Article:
All of this matters because the IPCC has taken the view that high levels of consensus add to the evidential weight in favour of a theory.12 The difficulties in this approach should be obvious; strength of agreement is not a reliable substitute for strength of evidence. It is of considerable concern to see that the IPCC has committed this basic error because it is bound to fuel overconfidence in the conclusions drawn. It is bad enough that a theory may be based upon unwarranted presuppositions; it is worse still that the number of people who fail to appreciate this may form part of the evidential weight in its favour.
Given these difficulties, the sceptic should make no apologies for challenging consensus. It is easy to accuse such sceptics of being in denial because they fail to appreciate how close 97 is to 100. It is also easy to accuse them of engaging in conspiracy theory. However, neither accusation is valid. Consensus may or may not be a fact, but even if it is, what that fact indicates is often an open question. The term ‘contrarian’ is now used as an alternative insult to ‘denier’ since it implies a stubbornness against accepting what everyone else can see. However, contrariness simply comes with the territory of being an empirical sceptic. The evidence of consensus is there to be seen, but the amount of theorizing and narrative required for its genesis, together with the social dimension to consensus generation, are enough for the empirical sceptic to treat the whole matter of consensus with a great deal of caution.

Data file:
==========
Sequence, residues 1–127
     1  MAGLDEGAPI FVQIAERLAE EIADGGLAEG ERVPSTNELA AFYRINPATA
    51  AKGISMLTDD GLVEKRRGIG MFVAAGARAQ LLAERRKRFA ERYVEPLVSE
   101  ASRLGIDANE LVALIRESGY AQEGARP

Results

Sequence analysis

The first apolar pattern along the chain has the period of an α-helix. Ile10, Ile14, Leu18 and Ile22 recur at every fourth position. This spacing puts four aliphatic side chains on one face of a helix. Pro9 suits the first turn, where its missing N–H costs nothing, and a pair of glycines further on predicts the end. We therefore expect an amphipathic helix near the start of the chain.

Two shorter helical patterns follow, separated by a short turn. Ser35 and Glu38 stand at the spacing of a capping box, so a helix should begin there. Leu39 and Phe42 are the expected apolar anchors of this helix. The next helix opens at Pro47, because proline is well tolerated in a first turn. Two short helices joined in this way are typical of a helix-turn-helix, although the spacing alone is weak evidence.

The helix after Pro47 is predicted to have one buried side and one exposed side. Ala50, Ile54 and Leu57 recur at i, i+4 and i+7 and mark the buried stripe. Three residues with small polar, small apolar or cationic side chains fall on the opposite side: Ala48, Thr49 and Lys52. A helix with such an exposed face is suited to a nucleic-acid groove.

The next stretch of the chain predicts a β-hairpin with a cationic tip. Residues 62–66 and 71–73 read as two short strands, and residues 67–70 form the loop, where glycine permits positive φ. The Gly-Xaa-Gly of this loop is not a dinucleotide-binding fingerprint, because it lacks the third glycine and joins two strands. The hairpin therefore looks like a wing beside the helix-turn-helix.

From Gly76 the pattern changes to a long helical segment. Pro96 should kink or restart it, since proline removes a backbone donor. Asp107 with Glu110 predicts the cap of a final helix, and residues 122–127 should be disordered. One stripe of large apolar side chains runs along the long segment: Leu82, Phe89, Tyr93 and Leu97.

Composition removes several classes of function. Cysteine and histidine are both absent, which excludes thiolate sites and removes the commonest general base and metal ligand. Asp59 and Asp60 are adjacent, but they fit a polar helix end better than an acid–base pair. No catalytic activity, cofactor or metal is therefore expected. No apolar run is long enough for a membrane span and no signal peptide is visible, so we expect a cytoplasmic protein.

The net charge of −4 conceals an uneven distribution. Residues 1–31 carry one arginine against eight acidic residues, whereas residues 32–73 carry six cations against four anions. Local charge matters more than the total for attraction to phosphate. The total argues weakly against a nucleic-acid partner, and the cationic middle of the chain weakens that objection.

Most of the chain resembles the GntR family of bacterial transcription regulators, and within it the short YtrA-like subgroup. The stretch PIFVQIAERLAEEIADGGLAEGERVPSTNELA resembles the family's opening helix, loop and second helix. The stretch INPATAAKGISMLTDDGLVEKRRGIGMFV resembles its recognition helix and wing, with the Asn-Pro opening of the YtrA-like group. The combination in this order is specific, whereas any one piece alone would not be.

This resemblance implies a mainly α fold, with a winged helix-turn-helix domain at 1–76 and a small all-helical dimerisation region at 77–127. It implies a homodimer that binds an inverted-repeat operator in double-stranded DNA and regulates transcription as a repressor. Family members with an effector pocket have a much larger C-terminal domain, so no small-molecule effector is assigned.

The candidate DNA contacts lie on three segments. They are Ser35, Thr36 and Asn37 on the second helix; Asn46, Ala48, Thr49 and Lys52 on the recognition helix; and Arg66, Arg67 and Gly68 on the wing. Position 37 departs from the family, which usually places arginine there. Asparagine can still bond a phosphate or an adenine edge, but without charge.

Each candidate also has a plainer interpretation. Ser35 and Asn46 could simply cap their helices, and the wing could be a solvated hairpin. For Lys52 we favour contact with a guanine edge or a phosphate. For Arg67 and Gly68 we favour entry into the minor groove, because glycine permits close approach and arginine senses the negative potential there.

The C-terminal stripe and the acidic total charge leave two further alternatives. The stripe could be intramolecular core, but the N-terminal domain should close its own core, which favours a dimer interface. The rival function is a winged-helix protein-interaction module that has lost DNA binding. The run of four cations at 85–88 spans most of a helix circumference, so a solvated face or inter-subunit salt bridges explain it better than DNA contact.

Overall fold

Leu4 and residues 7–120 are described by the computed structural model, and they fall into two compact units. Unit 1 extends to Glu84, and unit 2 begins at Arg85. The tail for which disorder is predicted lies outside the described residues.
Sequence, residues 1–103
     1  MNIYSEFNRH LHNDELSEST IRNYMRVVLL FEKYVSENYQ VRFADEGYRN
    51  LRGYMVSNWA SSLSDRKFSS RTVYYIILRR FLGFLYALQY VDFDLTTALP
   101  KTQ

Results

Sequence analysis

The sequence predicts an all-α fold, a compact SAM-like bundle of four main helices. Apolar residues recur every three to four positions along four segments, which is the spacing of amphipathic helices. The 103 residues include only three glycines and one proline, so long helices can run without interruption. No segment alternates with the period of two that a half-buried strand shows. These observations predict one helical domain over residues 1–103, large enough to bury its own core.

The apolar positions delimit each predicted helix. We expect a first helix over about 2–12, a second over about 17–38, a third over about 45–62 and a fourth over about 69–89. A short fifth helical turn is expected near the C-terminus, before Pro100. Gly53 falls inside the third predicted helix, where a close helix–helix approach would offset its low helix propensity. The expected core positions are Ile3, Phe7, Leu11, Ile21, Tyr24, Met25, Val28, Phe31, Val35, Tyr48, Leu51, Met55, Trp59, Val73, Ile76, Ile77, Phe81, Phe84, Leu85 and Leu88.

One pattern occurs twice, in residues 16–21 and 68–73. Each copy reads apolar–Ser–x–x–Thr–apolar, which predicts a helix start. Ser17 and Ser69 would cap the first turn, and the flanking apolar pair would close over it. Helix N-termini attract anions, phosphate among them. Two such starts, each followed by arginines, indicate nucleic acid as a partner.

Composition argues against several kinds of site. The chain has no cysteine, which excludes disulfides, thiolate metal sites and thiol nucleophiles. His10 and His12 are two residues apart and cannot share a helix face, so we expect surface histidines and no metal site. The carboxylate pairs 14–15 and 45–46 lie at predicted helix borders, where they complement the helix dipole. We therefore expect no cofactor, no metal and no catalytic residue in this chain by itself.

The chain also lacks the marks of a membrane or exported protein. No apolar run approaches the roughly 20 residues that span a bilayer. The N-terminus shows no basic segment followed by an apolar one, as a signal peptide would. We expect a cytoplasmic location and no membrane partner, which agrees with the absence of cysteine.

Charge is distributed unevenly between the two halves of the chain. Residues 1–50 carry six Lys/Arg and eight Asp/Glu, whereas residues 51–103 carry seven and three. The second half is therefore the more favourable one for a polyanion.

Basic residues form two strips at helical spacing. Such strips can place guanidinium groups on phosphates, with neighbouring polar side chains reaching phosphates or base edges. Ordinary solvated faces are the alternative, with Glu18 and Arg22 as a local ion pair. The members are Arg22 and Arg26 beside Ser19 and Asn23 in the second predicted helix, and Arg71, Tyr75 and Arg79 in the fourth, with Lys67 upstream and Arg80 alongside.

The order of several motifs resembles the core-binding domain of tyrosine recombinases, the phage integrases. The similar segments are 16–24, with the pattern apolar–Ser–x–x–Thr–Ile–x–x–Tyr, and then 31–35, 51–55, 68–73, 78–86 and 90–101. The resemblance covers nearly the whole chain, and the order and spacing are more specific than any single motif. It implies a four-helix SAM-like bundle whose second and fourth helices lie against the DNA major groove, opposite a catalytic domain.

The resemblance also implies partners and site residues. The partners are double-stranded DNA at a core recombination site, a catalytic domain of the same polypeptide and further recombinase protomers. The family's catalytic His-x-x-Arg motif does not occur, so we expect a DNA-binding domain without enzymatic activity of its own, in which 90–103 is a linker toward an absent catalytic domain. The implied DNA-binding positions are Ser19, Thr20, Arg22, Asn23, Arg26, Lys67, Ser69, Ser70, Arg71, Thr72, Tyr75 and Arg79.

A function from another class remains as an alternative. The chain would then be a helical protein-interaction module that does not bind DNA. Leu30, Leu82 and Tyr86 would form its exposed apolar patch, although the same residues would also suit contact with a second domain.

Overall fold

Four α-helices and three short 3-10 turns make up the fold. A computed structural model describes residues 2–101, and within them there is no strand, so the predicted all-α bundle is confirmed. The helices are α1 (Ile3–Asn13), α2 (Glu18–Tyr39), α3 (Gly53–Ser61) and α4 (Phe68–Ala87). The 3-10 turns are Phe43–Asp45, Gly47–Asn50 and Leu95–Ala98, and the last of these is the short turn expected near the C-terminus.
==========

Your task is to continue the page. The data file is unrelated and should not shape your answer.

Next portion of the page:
There has been a great deal said already regarding the culture wars surrounding issues such as the threat posed by anthropogenic climate change. Most of the concerns are directed at the sceptic, who for reasons never properly explained is deemed to be the instigator of the conflict. However, it is the sceptic who chooses to point out that the value-laden arguments offered by climate activists are best understood as part of a wider cultural movement in which rationality is subordinate to in-group versus outgroup dynamics. The debate as to whether the slothful induction of the empirical sceptic is justified or not in the light of the current evidence is a question of rationality. The sceptic’s concerns regarding risk profiles, causal narrative and consensus also have a basis in rational judgement. However, when one steps back and observes the nature of the accusations levelled at the sceptical, it is difficult to see how rationality applies. We would be deluding ourselves in thinking that societies that owe their cohesion to a sense of shared values, and are populated by individuals who are all chemically addicted to their own opinions, would allow a debate such as that regarding anthropogenic climate change to progress in accordance with the imperatives of rationality. Ultimately, what matters most is that the cultural underpinnings of the human project are secured against the dissent of the outgroup. Professor Mike Hulme once wrote: